The Second Season - Cambridge Concerts 1882-1883

The Second Season - Cambridge Concerts 1882-1883

As true of the first season, no programs are known to survive for the Boston Symphony's second season of concerts at Harvard University's Sanders Theatre in Cambridge. The Harvard Crimson listed all six programs, now performed on Thursday evenings at 7:45, instead of Wednesday evenings the season before.



1st concert-November 9th, 1882
M. A. DeWolfe Howe, in his book on the Boston Symphony's early years, takes note, not of the concert, but the final rehearsal on the afternoon of November 9th that took place in Boston's Music Hall. It was open to the public "for the benefit of the widow and four children of a German musician and composer of merit..." who died of "the fever" at age 35. Both Georg and Lillian Henschel sang for the benefit, but they do not appear as soloists on the Sanders program of that evening.

Gade: Ossian: Overture
Stradella: Aria de Chiesa (Miss Emily Winant, alto)
Haydn: Symphony No. 97 in C 
Reinecke: Manfred: Entr'acte
Mozart: Marriage of Figaro: Aria: Voi che sapete (Miss Winant)
Wagner: Rienzi: Overture

Unlike the first season, where the vast majority of music was performed first in Boston and later in Cambridge, we have here an instance of a soloist performing first in Cambridge, and repeating the repertoire later in Boston. Thus Miss Winant performed Stradella & Mozart in Boston the following Saturday November 11th. The Wagner Rienzi was undoubtably polished by this point, having already been played in Newport (October 11th) Boston (October 14th) Salem (October 26th) and Worcester (November 2nd).



2nd concert-December 7th, 1882
Grammann: Melusine: Prelude
Weber: Freischutz: Cavatina (Mrs. Lillian Henschel)
Beethoven: Symphony No. 3 "Eroica"
Volkmann: Serenade No. 2 for Strings
Auber: Acteon: Air (Mrs. Henschel)
Brahms: Academic Festival Overture

The conductor's wife of less than 2 years had quite a number of performances with the Boston Symphony in the 1882-1883 season. She sang the Auber only outside of Boston that season, in Newport and New Bedford as well as Cambridge. The first four items in this program had been played in Boston the previous November 25th. That the Academic Overture closes the program is perhaps indicative of Brahms not being the 19th Century controversy he was painted to be during the 20th. The Brahms opened the Boston program of November 18.



3rd concert-January 11th, 1883
Mendelssohn: Hebrides Overture
Wagner: Meistersinger: Act One: Pogner's Address (Georg Henschel)
Schumann: Symphony No. 4
Bruch: Loreley: Prelude
Schumann: The Two Grenadiers
Rubinstein: Feramors: Ballet Music

This is an example where the originally scheduled soloist (William Winch) cancelled, so the conductor acted as soloist "to the delight of the audience" according to the Crimson. What Henschel sang from Meistersinger isn't entirely clear from the Crimson, listing merely Recitative and Air. The BSO Performance card file lists Pogner's address, which he repeated at the Wagner memorial concert in Boston the following month.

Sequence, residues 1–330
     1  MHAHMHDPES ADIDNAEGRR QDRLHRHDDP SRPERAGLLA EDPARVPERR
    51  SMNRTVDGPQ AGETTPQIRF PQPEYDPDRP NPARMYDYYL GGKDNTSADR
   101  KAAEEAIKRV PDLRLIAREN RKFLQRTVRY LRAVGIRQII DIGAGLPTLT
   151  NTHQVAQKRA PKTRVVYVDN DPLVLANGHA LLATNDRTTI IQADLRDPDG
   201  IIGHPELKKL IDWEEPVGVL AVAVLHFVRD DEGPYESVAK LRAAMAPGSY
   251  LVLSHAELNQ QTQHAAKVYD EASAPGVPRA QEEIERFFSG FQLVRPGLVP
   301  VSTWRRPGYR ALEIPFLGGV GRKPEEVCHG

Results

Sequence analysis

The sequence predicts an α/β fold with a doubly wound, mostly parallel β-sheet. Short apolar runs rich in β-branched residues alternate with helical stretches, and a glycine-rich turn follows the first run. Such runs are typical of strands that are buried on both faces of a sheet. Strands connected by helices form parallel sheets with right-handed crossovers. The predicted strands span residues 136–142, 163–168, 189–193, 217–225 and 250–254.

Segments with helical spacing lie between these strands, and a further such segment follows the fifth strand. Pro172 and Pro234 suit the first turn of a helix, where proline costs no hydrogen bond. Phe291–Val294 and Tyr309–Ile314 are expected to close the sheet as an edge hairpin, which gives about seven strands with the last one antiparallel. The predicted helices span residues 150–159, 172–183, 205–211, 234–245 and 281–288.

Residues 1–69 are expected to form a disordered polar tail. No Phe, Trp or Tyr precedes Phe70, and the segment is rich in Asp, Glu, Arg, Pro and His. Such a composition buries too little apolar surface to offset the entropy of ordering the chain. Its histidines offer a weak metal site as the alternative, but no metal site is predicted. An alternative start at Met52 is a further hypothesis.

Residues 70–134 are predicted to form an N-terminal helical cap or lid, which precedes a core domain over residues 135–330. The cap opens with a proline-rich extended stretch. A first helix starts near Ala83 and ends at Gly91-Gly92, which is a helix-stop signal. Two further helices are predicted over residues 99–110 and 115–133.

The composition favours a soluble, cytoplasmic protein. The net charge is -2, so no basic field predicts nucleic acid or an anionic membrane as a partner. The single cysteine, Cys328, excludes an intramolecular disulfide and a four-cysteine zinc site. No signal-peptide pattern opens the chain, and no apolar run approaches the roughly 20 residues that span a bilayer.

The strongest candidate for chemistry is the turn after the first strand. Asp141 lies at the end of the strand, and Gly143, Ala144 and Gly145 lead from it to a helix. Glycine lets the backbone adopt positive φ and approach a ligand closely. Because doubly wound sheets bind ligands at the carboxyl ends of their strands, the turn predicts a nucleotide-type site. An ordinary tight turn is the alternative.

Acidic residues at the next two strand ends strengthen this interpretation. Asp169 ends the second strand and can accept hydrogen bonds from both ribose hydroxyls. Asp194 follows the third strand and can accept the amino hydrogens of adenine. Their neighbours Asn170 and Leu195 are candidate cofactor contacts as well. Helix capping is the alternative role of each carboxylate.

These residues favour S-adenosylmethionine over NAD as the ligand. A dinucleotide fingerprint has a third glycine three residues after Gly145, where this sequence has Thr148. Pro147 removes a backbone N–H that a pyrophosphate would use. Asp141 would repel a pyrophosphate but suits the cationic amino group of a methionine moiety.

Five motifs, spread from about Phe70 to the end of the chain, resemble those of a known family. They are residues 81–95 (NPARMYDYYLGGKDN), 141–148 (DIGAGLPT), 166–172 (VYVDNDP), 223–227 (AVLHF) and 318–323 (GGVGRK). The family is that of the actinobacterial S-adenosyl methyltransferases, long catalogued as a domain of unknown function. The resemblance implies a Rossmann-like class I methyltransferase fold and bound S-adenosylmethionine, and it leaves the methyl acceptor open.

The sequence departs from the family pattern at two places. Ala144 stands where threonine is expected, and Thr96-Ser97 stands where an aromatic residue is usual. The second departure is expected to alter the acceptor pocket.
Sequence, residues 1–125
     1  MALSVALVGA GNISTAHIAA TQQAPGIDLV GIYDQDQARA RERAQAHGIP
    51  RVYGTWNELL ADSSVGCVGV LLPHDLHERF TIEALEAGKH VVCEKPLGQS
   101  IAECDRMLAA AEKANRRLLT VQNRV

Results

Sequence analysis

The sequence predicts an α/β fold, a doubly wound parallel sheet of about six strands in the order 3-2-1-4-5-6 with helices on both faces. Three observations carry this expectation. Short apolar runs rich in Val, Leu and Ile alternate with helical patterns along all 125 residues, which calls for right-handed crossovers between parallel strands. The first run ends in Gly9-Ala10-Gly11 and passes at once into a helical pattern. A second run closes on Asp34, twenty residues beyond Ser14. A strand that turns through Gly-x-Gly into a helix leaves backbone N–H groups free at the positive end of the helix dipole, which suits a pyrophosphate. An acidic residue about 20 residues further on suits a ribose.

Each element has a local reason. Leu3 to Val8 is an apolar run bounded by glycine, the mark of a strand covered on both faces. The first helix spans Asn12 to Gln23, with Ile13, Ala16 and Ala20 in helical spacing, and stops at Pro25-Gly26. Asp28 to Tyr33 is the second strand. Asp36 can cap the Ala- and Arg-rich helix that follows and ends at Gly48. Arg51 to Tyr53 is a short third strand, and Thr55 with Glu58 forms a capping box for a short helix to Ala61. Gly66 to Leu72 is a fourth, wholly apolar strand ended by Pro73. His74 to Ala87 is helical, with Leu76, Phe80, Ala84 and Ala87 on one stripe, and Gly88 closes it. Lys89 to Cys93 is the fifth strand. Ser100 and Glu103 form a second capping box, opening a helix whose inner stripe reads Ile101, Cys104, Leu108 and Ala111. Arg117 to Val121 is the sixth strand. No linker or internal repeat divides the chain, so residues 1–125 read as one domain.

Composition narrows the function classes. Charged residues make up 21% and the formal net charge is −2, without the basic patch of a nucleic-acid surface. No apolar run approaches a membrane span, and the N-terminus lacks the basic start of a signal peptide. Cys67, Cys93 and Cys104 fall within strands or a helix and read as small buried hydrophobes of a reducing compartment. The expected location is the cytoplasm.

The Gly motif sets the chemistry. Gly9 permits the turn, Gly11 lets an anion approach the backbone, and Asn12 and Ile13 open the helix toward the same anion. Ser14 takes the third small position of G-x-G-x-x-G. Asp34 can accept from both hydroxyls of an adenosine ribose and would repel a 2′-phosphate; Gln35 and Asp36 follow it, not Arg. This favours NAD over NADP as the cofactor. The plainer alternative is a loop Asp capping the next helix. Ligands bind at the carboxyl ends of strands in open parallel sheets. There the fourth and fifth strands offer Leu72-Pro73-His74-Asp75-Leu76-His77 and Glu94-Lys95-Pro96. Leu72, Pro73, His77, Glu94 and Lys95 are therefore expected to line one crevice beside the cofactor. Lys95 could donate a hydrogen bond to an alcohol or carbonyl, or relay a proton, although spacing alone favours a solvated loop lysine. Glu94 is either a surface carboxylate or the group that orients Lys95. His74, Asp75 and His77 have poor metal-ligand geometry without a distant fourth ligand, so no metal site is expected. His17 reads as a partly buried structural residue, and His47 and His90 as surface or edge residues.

4th concert February 1st, 1883
Sterndale Bennett: The Naiads: Overture
Beethoven: Concerto No. 4 (Carl Baermann)
Frederick Cowen: Symphony in C "Scandanavian" Liszt: Don Juan Fantasie (Carl Baermann)
Wagner: Tannhauser: Overture

Though not obvious to the 21st Century music-lover, this program is a look at English music of the period. William Sterndale Bennett was the best known English composer of the time, and Frederick Cowen's Scandanavian Symphony, his third of six he was to write, was probably the most successful composition of his life. Carl Baermann also appeared in Providence that season, as well as four appearances in Boston.


5th concert February 22nd, 1883
Beethoven: Fidelio: Overture
Mozart: Figaro: Aria  (Miss Henrietta Beebe)
Schubert: Symphony No. 5 in B flat
Wagner: Siegfried Idyll
Barnby: The Rose and the Nightengale (Beebe, Henschel, piano)
Rubinstein: The Lark (Beebe, Henschel, piano) Weber: Jubilee Overture

Miss Henrietta Beebe sang in Boston the previous October, in a completely different program. The Siegfried Idyll was on the Wagner memorial concert in Boston earlier that month. The Schubert was listed as "First time" in Boston twelve days earlier.



6th concert March 22nd, 1883

Schumann Genoveva: Overture
Henschel: Piano Concerto (Henschel, soloist)
Paine: The Tempest: Overture (composer conducting)
Wagner: Lohengrin: Legend and Farewell (Charles Adams, tenor)
Weber, orch. Berlioz: Invitation to the Dance

Once again, as he had at the final Sanders concert of the previous season, Harvard Professor John Knowles Paine was invited to conduct a work of his. Carl Baermann was the soloist for the first performance of the Henschel Piano Concerto in Boston, subsequent performances in Salem, New Bedford, as well as this performance in Cambridge featured the composer as soloist. Contemporary documentation states that Henschel later destroyed the score and parts to this work.